Now, I have a second 'spine'. Three blocks from my house, I can now reach any place within a half mile of the 209. Running along 9th East, that doesn't quite overlap, but it's still a big improvement. (TRAX from 7th West to 1st East, and the 209 from 5th East to 13th East). If UTA were to do something similar with a bus in the middle, such as the 203 or 205, it would be fantastic.

TRAX as a summer bike-lift

It is extremely common, especially during the summer, to see recreational longboarders and bikers riding TRAX up to the University hospital, and then cruising downhill (often at very high speeds of 25-30 MPH), along the Trax Route, and then dismounting to use it again.

There is also the role of Trax in the equation--If I need to go anyplace further east then 13th East, it's not uncommon for me to Bike to the University line, ride the line up the hill, and then head south along 13th. I wonder how much the phenomenon has to do with Utah's ski culture, where most people are already highly familiar with the concept of one-way mass transit.

I wonder if that could be put to good use...

UCarShare & Transit Dependancy

One of the big hassles with UCarShare has been the need to return the car to the same location, so I really can't make a one way trip with it, or even a trip with a long duration.

My habitual trip is out to karate, in either Park City or Sandy (both about 16 miles away). Neither location is well served by transit--Park City not at all, and Trax is about two miles away, downhill of the dojo. Karate lasts somewhere between an hour and an hour and a half, and the drive typically takes a half hour. Using UCarShare for the drive would require a rental of about 2.5 hours, and about 35 miles of travel. It's a trip I typically make 2-3 times per week. Net, that comes to about $12 for every training session, which is totally unsustainable.

One alternative is forty five minutes on Trax, fifteen minutes drive to the dojo, an hour of training, a fifteen minute drive back, and forty five minutes on tracks. So for every hour of training, I spend 2 hours traveling. Which costs about $7.50, plus $2.00 for Trax.

I'm fortunate to have several dojo mates who live within a mile, so car-pooling has often been an effective solution for Saturday trainings, but less so for evening trainings, as we all come from work, rather than from home.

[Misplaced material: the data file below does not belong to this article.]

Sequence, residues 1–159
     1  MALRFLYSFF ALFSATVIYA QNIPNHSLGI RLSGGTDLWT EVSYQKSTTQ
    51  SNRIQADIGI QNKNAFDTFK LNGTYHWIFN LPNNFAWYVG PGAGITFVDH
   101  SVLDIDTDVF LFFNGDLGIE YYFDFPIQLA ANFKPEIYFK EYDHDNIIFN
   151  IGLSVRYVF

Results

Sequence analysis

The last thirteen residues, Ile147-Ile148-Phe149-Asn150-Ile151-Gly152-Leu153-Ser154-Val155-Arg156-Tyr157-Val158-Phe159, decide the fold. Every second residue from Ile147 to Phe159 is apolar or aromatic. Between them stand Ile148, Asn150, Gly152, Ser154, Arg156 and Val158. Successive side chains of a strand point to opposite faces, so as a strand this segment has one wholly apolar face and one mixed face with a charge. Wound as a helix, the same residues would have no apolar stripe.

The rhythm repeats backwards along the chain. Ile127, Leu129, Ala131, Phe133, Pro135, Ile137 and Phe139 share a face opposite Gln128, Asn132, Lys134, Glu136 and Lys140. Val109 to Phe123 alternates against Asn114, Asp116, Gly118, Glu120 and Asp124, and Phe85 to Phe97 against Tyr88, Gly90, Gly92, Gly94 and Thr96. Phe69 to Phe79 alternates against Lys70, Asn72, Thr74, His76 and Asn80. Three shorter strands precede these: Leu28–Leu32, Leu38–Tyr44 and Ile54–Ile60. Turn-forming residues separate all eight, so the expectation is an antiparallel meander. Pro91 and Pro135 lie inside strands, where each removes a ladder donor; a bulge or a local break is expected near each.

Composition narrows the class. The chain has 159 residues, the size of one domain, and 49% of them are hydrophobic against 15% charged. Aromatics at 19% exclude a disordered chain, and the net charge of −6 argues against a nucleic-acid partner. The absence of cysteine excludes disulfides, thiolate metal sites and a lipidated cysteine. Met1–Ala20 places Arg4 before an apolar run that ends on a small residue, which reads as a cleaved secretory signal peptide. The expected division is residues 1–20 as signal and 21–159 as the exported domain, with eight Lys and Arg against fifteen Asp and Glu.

The biggest impact of transit dependency is not the time spent traveling, but the trips that aren't made (or can't be made) because of timing.

VeLib, in Paris

Paris has apparently gotten serious about Bike Sharing, and invested a fare amount into the infrastructure.

I wonder if that would work in SLC. Salt Lake has a pretty strong bike culture, especially downtown, and especially during the summer. But I'm not sure there is enough demand, especially given the ferocious hills between 10th and 13th East.

Most interesting is their pricing procedure, for moving vehicles around. Effectively, it provides a bonus for returning bikes. Salt Lake might do well to do Paris one better, and actually PAY for the return of bikes. With fewer bikes, SLC's distribution of bikes, and especially one-way trips, would tend to be lumpy.

As I wrote of earlier, getting more people engaged in the process of managing the metropolitan metabolism, by promoting semi-formal arrangements through market incentives, seems to be the way to go.

Salt Lake had an earlier (failed) experiment with bike-cabs, partially because the local regulations governing cabs (still?) are brutal--there is something like a 50% tax, and until recently, it was illegal to hail a cab. (No, really). The pedal-cab drivers were renting the pedal-cabs and then working for tips, largely to evade the regulatory burden.

But I'm inclined to believe that the same type of people who were working the pedal-cabs would be equally likely to 'work' the bike-return system. There are a lot of factors that go into the VeLib system--the bike non-equilibrium would need to be allowed to emerge on its own because providing immediate subsidies. Doing otherwise might provide unnecessary and distortive subsidies. Doing so effectively, in an easily implementable manner, would be difficult. When you read about the VeLib system, it simply stipulates that some stations will receive the subsidy. All stations receiving the subsidy receive the same subsidy, at all times of the day. Static pricing is much quicker an easier to implement then dynamic pricing, even if it is less efficient.